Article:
The point remains, the nature of the inequalities and prejudices disabled people face are different today than they were 30 years ago, and 30 years before that. But impairments too have a history. Short-sightedness wasn't much of a problem for the overwhelming mass of humanity in agrarian societies. It became an issue with the advent of mass literacy, but has been mitigated by technologies developed to overcome them - spectacles, eye surgery, etc. Impairments are therefore shaped, positioned, tweaked and coded by wider social forces. As physical and mental incapacities they have existed for as long as there's been humans knocking about - but what they mean and their consequences for someone with them vary according to the kind of society they live in, and its level of development.
This in mind, allow me to venture a hypothesis. I'm no mental/cognitive health specialist. What I know about the autistic spectrum and Asperger's Syndrome is very little. It's a complex area that is still being unravelled. But that isn't going to stop me advancing a touch of speculation on the main sociological question these two conditions raise. That is why have Autism and Asperger's only recently been codified as a social concern? It could part be media curiosity, part the growth and spread of the internet, and part visibility attained by the disabled rights movement. The inescapable trope of the autistic genius might have a role, too.
But I think something deeper could be going on, something to do with structural shifts in the advanced capitalist countries. Short-sightedness and Dyslexia were not social concerns prior to industrial capitalism. The point came when the demands of capital required something more than able bodies to work in its dark, satanic mills - it needed basic education to record and pass on information at all levels. Since then, particularly over the last 30 years, manufacturing has taken a battering. The old industries have fallen back and in its place are what we used to call tertiary industry: the service sector. This sector, from retail to investment banking, from call centres to consultancies, all absolutely depend on social relationships. Of course, thus it ever was. But now is different - the direction of travel clearly is capitalism's growing dependence on the wealth that can be mined from relationships. Hence the massive values of social media firms who've yet to make a single penny of profit. Hence the obligatory 'person spec' placed alongside graduate job adverts. Hence the growth of consultancies selling team-building experiences and organisational engineering. Hence the concern with Autism and Asperger's.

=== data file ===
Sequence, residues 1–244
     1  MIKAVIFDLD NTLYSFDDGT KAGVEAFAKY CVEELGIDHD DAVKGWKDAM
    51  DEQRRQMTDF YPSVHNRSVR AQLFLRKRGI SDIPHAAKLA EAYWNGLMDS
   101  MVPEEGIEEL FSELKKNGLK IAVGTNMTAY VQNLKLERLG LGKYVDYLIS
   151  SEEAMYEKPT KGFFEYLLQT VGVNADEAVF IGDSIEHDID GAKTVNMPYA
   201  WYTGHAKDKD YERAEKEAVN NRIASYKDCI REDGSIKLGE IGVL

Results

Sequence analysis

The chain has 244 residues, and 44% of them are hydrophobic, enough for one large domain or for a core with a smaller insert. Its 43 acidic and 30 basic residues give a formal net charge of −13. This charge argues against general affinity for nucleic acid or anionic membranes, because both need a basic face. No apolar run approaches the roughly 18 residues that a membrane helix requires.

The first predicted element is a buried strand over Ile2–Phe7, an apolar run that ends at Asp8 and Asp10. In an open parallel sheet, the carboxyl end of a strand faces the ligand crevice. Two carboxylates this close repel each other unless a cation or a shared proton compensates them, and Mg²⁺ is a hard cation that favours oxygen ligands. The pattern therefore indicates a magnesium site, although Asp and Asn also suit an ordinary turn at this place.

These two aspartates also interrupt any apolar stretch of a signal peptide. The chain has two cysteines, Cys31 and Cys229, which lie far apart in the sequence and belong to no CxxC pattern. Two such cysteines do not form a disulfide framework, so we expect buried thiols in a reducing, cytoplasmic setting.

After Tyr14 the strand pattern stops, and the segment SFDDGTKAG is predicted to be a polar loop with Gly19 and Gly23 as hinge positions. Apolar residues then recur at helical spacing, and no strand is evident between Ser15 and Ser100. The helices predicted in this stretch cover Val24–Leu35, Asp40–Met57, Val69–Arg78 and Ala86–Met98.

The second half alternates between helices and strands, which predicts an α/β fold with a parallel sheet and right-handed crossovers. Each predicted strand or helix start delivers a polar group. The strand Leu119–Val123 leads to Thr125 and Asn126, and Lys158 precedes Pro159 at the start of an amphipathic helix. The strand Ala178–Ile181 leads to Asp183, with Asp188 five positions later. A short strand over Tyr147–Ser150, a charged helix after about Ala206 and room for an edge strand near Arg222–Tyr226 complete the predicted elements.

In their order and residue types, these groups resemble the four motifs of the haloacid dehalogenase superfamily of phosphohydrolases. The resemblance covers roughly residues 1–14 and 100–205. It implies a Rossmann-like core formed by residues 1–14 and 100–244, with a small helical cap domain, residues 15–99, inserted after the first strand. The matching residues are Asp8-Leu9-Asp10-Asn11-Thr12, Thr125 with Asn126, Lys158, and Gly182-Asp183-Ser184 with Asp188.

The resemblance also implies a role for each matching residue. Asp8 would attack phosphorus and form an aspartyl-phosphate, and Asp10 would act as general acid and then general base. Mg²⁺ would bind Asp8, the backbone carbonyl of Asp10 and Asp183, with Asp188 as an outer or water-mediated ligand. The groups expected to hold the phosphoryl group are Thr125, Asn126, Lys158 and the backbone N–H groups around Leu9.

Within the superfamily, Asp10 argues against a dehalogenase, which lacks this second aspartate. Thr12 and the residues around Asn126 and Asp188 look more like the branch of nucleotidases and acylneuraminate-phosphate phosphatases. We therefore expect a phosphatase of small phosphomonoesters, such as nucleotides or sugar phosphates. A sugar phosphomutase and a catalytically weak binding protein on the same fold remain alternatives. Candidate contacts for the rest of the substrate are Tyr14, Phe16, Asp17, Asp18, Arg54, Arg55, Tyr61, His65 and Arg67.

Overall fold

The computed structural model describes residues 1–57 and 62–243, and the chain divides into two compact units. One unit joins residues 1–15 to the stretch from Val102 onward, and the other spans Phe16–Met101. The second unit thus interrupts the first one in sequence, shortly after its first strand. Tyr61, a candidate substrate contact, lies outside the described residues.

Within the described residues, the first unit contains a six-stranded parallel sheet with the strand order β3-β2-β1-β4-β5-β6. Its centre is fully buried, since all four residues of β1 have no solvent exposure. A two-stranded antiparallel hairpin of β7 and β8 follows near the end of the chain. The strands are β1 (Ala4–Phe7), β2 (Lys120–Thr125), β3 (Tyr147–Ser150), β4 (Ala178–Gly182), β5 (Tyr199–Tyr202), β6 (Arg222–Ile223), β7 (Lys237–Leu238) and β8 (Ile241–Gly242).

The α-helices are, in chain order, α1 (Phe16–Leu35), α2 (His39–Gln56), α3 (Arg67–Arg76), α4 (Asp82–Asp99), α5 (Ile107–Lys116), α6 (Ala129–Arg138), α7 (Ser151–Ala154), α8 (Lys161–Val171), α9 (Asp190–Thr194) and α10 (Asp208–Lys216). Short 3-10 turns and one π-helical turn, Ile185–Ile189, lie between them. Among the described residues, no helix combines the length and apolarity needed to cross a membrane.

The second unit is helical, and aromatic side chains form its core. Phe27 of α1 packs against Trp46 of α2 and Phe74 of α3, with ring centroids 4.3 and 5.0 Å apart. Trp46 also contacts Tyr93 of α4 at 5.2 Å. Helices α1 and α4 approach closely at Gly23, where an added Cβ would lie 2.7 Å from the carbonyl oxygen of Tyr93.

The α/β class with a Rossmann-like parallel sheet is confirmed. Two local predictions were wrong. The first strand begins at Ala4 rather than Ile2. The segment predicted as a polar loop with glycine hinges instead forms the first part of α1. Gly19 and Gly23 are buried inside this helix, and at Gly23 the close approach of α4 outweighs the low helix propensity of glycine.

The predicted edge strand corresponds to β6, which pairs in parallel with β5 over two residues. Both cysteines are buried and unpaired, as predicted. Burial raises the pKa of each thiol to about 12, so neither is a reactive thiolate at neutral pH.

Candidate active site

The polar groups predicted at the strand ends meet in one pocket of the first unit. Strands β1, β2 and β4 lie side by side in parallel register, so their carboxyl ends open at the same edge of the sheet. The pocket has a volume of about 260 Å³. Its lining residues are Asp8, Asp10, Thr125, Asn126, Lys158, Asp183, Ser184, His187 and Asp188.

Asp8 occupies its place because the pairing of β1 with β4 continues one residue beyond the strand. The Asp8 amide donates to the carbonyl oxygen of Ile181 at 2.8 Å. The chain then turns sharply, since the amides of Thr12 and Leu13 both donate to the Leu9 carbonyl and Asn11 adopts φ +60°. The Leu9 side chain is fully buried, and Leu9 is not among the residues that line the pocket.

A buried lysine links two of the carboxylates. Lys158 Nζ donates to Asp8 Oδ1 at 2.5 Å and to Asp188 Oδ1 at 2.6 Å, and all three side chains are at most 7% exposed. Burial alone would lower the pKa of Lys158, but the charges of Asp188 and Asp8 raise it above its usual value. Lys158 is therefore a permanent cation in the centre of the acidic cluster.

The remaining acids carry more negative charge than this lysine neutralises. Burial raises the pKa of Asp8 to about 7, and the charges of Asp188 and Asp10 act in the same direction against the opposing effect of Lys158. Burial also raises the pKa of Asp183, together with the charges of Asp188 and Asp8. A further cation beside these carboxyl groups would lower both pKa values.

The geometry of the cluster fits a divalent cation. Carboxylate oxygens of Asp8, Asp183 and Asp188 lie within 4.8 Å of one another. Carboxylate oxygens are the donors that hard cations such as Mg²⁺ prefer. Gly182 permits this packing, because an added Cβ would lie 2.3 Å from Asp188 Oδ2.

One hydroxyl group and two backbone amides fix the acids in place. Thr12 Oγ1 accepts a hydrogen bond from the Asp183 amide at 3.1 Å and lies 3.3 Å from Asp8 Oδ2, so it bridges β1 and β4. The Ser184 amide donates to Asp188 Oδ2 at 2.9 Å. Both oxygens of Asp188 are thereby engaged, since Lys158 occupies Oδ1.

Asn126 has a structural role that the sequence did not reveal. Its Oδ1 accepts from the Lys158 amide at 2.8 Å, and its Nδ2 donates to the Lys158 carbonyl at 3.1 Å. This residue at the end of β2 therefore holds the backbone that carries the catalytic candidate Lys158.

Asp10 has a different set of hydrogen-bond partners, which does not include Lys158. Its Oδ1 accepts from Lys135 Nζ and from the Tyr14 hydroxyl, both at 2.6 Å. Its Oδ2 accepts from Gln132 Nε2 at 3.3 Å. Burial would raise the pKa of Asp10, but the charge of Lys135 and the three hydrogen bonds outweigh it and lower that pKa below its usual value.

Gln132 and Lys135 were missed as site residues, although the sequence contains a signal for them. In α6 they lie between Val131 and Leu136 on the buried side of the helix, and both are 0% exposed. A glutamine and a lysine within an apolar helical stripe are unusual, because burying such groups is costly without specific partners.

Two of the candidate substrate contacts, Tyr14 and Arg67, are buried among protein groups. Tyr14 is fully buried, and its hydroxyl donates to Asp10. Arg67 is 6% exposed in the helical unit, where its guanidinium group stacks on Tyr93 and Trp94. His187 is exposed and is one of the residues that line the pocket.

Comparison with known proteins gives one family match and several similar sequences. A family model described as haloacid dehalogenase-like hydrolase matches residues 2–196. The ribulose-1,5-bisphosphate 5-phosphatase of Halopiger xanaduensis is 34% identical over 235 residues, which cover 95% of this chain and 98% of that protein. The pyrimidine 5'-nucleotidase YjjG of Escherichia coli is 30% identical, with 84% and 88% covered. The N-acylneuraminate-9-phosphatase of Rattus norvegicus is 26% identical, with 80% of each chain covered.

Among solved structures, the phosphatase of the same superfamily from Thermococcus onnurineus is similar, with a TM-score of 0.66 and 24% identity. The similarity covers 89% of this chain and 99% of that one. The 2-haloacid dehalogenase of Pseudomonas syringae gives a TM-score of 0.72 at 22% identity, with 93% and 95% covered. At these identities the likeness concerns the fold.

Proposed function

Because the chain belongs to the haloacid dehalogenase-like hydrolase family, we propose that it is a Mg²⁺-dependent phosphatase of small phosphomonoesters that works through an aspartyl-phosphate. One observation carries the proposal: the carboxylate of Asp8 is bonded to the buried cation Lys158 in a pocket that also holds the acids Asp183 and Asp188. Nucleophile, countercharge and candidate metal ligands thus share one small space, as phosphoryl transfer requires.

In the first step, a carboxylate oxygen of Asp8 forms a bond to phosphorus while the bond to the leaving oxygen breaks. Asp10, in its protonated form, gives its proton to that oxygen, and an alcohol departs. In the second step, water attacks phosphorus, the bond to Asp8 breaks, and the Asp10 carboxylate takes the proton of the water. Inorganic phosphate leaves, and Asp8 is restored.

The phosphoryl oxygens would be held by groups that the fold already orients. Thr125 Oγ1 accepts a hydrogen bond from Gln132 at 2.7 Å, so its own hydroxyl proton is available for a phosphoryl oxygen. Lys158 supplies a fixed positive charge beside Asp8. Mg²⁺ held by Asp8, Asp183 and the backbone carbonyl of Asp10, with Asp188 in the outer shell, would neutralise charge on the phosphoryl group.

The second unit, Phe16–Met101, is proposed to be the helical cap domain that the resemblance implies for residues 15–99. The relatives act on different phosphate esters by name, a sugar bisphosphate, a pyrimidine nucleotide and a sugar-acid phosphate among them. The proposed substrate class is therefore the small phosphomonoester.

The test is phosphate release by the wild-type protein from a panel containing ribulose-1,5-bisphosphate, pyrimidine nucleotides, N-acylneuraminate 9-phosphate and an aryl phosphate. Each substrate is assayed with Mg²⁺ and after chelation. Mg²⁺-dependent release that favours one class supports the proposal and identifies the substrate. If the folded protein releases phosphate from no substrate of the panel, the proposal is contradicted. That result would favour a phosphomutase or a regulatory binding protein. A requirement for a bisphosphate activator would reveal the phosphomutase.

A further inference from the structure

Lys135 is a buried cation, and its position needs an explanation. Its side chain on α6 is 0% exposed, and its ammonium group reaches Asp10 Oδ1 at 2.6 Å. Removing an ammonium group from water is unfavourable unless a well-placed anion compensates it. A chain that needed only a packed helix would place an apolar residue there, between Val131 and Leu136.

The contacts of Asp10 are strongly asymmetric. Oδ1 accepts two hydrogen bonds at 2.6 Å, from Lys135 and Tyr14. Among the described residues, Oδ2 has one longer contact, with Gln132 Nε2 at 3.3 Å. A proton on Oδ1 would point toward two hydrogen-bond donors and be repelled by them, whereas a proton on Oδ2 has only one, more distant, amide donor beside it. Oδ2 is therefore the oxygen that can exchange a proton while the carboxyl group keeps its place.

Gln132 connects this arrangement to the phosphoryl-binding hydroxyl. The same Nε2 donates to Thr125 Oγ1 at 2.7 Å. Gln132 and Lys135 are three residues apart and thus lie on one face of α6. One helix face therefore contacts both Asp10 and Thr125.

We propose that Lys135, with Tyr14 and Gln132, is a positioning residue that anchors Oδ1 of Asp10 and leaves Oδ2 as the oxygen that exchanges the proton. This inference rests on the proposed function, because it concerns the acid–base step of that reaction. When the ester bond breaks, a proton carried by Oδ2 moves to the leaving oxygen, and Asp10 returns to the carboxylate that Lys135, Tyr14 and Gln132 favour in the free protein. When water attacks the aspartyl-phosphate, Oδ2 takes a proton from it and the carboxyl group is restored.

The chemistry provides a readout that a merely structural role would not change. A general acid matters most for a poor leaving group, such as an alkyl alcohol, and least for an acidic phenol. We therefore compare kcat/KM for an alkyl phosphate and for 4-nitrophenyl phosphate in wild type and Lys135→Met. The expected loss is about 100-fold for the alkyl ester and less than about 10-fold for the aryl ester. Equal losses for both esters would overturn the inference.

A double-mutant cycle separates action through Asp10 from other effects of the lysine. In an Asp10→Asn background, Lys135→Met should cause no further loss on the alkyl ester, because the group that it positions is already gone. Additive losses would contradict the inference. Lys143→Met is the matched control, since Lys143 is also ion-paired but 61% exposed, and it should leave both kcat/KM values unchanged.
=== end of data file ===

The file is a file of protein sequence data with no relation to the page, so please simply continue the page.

For Autistic and Asperger's people, the economic shift to service finds them singled out as disabled individuals. In front of the new emphasis on relationships, on the complexity of social cues and the (personal and commercial) premiums on networks; they are the newly dis-abled. And this is a very recent shift. Just 20 years ago when I was still at school, I can think of two boys who today would be diagnosed as autistic and with Asperger's. But back then, they were merely written off respectively as naughty and slow, and dim and simple. Their symptoms existed, but they had not been specially codified by the powers that be. Now, they would.
Therefore, could it be the case that the coincidence of capitalism's shift-to-service and the codification of Autism and Asperger's to a disability of social concern has deeper roots?
There is an alternative explanation, but again related to changes in political economy. We know Britain is in the midst of a mental health epidemic. One-in-four of us suffer with a mental health problem during the course of a year. Thankfully, the stigma attached to mental health is beginning to lift and it is starting to be talked about. Partly, this is because these problems are so widespread. Why should we be surprised that more insecure and pressured work situations lead to stress, anxiety and illness? That low wages, crushing debts and attacks on social security screw people up? It is reasonable to assume that more job security, more stability would have the effect of decreasing incidences of mental ill-health. But also, with capital's emphasis on relationship and service, any health problems impacting on its capacity to do business on that basis is bad news. It's a concern. A social problem. So, is it possible that the relatively recent problematisation of Autism and Asperger's is a subset of a wider recognition of a crisis around mental health?